Poly(ADP-ribose) polymerase activity in nuclei isolated from differentiating cardiac muscle of the rat has been characterized and its activity measured during development. Optimum enzyme activity is observed at pH 8.5. Poly(ADP-ribose) polymerase is inhibited by ATP, thymidine, nicotinamide, theophylline, 3-isobutyl-1-methylxanthine and caffeine and stimulated by actinomycin D. The activity measured under optimal assay conditions increases during differentiation of cardiac muscle and is inversely related to the rate of DNA synthesis and to the activities of DNA polymerase α and thymidine kinase. When DNA synthesis and the activity of DNA polymerase α are inhibited in cardiac muscle of the 1-day-old neonatal rat by dibutyryl cyclic AMP or isoproterenol, the specific activity of poly(ADP-ribose) polymerase measured in isolated nuclei is increased. The concentration of NAD+ in cardiac muscle increases during postnatal development. In the adult compared with the 1-day-old neonatal rat the concentration of NAD+ relative to fresh tissue weight, DNA or protein increased 1.7-fold, 5.2-fold or 1.4-fold respectively. The concentration of NAD+ in cardiac muscle of the 1-day-old neonatal rat can be increased by approx. 20% by dibutyryl cyclic AMP. These data suggest that NAD+ and poly(ADP-ribose) polymerase may be involved with the repression of DNA synthesis and cell proliferation in differentiating cardiac muscle.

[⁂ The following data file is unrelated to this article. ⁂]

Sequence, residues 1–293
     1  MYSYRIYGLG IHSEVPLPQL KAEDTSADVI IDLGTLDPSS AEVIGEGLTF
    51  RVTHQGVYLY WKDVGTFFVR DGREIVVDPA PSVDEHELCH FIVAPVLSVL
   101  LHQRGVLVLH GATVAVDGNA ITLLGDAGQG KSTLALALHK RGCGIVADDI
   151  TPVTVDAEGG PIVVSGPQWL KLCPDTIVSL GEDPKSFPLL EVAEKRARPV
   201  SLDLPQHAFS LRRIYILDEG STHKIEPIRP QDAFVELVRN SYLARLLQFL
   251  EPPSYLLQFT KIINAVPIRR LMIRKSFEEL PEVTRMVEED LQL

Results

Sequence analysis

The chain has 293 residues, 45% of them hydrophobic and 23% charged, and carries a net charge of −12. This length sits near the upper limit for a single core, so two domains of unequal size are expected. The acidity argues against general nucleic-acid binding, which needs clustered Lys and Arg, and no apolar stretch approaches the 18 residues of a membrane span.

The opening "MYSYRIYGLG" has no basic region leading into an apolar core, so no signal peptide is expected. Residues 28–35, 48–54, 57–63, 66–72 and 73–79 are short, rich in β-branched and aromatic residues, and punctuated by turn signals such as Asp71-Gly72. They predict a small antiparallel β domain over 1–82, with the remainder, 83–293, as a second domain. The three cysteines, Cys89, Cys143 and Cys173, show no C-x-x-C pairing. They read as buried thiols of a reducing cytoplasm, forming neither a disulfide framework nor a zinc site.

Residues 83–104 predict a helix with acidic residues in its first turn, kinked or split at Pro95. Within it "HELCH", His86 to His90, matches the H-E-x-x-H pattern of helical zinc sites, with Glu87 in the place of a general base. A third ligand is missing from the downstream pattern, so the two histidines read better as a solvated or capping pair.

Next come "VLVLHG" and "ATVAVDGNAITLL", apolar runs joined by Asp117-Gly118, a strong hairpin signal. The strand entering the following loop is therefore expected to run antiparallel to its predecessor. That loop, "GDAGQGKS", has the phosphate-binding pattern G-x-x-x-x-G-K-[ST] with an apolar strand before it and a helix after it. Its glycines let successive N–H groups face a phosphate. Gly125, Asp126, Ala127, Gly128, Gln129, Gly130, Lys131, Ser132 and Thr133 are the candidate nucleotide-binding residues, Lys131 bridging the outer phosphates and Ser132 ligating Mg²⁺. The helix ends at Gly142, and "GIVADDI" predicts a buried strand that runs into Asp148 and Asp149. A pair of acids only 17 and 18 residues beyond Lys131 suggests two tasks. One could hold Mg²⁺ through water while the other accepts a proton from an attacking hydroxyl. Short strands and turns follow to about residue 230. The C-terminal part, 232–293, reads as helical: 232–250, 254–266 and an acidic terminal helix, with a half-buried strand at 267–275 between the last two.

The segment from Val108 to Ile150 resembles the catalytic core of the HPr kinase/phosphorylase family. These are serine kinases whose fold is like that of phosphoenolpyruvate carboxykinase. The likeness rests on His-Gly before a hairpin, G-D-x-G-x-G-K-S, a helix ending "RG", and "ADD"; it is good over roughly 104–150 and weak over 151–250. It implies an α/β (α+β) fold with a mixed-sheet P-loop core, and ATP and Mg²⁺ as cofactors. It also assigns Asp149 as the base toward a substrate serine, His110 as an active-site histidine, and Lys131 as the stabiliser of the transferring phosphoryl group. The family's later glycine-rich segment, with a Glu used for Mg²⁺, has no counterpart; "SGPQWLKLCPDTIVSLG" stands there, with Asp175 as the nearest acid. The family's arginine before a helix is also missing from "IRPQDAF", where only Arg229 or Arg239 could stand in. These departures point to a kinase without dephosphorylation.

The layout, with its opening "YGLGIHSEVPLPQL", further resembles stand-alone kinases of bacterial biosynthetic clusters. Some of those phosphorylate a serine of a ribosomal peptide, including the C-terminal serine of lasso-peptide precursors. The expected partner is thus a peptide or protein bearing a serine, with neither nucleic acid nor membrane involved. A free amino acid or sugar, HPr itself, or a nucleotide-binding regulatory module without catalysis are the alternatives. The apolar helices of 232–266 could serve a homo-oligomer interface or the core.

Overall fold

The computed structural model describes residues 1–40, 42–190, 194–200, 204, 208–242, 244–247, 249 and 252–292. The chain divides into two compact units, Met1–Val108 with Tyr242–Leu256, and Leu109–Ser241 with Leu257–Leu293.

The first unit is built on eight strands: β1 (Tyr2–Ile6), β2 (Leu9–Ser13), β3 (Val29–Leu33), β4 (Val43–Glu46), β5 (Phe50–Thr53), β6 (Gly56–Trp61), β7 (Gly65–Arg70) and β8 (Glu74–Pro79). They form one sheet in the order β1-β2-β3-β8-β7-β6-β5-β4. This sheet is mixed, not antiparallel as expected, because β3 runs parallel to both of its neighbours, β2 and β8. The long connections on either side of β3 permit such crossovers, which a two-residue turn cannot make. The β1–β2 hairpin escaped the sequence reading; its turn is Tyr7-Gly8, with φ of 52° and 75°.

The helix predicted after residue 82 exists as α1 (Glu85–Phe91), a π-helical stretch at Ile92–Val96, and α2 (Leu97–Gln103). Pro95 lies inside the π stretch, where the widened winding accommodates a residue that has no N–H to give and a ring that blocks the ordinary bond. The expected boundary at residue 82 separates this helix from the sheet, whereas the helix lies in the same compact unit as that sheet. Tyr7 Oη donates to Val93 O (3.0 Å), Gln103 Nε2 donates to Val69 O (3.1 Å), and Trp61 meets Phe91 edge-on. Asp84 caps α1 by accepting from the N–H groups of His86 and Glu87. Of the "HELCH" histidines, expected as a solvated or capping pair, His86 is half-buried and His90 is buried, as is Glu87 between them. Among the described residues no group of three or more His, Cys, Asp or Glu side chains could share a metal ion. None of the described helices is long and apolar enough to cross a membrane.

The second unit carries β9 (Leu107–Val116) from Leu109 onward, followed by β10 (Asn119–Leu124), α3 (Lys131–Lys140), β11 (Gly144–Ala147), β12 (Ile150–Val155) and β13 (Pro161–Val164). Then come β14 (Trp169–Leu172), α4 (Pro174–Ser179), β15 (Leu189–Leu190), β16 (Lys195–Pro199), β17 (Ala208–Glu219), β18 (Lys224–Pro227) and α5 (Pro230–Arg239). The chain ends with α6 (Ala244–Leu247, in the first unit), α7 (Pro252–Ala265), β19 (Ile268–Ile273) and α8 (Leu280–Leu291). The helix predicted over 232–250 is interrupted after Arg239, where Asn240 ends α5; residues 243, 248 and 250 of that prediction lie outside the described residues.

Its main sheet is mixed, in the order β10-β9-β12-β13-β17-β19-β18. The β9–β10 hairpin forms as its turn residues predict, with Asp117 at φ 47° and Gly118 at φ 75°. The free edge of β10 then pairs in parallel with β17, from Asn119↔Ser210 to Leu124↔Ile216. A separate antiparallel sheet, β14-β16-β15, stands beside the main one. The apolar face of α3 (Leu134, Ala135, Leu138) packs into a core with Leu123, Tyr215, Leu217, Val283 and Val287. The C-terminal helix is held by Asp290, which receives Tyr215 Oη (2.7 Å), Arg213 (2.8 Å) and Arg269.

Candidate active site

- © 1976 London: The Biochemical Society